P&T COMMUNITY
 
MediMedia Managed Markets
Our
Other
Journal
Managed Care magazine
Login / Register
Join Us  Facebook  Twitter  Linked In
 

 

 

Positive Results Reported for Biopsy-Based Prostate Cancer Test

Company plans 2013 commercial launch (Sept. 18)

On September 18, Genomic Health, Inc., based in Redwood City, Calif., announced positive results from a clinical validation study of its biopsy-based prostate cancer test. The study, performed in collaboration with prostate cancer researchers at the University of California–San Francisco (UCSF), met its primary endpoint by demonstrating that the multi-gene Oncotype DX Genomic Prostate Score (GPS), assessed in prostate needle-biopsy tumor tissue, has been prospectively validated as a predictor of adverse pathology for patients with early-stage prostate cancer.

UCSF and Genomic Health plan to submit complete data from this study for presentation at the 2013 American Society of Clinical Oncology (ASCO) Genitourinary Cancers Symposium in February.

Based on these results, Genomic Health is completing the necessary work to make the Oncotype DX prostate cancer test available to physicians in the first half of 2013.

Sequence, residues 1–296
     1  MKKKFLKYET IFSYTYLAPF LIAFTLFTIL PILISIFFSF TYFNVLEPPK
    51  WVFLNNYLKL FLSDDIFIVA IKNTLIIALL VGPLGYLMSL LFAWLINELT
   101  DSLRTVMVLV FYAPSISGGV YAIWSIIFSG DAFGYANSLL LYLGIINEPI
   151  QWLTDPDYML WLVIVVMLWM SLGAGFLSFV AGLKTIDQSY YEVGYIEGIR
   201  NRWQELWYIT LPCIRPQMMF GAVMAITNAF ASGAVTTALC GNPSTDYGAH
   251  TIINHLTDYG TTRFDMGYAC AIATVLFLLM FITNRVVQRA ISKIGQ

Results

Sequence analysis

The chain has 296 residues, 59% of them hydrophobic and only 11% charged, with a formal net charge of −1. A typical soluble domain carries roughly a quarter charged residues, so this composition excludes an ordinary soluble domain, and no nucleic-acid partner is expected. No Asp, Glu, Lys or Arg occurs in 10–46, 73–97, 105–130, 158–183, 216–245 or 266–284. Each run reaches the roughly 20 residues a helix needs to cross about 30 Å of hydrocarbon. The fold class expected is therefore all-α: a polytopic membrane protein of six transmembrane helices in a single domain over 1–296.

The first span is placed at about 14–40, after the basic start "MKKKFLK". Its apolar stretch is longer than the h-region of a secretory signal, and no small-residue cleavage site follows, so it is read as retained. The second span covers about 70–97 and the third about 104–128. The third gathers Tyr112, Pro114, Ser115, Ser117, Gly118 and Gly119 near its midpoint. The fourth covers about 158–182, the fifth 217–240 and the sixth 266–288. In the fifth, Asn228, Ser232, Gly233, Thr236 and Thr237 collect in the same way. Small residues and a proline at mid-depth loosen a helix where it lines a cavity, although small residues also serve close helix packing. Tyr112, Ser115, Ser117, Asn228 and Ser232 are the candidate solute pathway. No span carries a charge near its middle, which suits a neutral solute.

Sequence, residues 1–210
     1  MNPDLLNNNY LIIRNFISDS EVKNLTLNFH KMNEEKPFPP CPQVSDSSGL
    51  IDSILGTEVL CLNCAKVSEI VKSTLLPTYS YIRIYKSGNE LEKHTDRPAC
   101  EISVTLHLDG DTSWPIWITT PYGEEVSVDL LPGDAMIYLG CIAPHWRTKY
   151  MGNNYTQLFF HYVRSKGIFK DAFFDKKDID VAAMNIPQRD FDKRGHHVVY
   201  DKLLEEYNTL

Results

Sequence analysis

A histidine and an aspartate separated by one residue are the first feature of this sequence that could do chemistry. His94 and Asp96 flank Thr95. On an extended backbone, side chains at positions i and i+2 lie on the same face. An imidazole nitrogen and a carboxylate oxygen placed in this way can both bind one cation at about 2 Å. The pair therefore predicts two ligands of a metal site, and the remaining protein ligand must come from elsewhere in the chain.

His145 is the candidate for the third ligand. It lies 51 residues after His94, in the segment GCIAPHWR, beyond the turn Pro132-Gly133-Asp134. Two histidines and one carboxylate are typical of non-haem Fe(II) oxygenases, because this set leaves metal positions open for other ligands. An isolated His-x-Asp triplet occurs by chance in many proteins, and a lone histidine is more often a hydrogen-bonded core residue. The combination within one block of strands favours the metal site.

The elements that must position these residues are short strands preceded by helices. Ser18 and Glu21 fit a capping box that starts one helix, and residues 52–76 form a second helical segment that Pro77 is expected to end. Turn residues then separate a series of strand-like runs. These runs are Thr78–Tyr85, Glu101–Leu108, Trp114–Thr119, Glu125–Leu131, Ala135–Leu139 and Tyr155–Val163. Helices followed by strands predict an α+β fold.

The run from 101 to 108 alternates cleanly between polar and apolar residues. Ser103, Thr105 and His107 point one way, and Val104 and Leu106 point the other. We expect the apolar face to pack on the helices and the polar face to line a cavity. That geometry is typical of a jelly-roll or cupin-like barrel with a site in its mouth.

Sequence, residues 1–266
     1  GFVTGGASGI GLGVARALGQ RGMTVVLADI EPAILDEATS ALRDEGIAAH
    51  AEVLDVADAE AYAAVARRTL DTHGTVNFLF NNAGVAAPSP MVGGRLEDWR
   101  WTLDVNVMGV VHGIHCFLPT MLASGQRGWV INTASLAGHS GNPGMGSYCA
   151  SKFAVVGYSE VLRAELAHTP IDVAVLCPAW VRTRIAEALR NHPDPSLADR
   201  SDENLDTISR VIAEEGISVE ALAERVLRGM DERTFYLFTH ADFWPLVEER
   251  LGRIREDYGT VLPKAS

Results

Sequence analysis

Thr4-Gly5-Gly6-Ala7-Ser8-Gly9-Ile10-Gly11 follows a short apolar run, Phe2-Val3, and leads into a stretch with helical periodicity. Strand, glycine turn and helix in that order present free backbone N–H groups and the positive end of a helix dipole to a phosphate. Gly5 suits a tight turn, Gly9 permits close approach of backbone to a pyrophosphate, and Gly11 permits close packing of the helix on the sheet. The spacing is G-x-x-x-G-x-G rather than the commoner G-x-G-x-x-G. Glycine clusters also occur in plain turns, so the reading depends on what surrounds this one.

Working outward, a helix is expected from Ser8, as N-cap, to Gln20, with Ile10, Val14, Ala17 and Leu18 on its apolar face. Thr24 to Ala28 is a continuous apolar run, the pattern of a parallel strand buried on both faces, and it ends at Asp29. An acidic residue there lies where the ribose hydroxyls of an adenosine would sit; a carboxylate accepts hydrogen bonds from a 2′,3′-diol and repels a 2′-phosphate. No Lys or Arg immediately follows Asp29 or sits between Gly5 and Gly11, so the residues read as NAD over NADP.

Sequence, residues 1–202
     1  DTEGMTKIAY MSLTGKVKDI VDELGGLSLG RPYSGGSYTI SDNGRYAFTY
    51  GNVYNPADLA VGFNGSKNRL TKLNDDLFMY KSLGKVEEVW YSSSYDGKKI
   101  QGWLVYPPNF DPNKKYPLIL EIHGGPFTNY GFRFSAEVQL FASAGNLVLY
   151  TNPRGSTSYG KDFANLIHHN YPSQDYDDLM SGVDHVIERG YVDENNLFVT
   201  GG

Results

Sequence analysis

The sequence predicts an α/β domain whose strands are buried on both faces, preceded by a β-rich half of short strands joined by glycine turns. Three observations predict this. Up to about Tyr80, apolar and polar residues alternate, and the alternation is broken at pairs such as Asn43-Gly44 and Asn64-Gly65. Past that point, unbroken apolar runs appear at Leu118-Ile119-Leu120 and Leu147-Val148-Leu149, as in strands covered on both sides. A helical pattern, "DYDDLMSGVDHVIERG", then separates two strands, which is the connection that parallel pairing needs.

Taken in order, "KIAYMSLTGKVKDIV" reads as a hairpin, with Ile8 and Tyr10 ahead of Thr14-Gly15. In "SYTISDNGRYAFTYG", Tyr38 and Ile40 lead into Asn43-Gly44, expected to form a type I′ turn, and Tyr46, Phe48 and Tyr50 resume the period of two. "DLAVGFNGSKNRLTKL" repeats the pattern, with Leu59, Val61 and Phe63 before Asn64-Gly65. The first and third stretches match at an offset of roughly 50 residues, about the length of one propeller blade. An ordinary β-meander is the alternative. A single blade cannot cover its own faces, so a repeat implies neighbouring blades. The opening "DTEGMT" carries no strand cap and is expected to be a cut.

The company conducted six feasibility and development studies in collaboration with the Cleveland Clinic evaluating more than 700 patients and 700 candidate genes to select the genes for this test. The resulting test was then evaluated in formalin-fixed, paraffin-embedded prostate needle-biopsy specimens in the prospectively designed UCSF clinical validation study.

It is expected that, in conjunction with the Gleason grading system and conventional parameters, such as prostate-specific antigen (PSA), age, and physical examination, the Oncotype DX Genomic Prostate Score will be used to personalize prostate cancer treatment based on the underlying biology of an individual patient's tumor.

Each year, more than 240,000 men are diagnosed with prostate cancer in the U.S. A large percentage of men with low and intermediate-risk disease are over-treated, partly because of the lack of a standardized, validated biopsy-based test to distinguish more accurately between aggressive and clinically indolent tumors.

For more information, visit the Genomic Health Web site.

More stories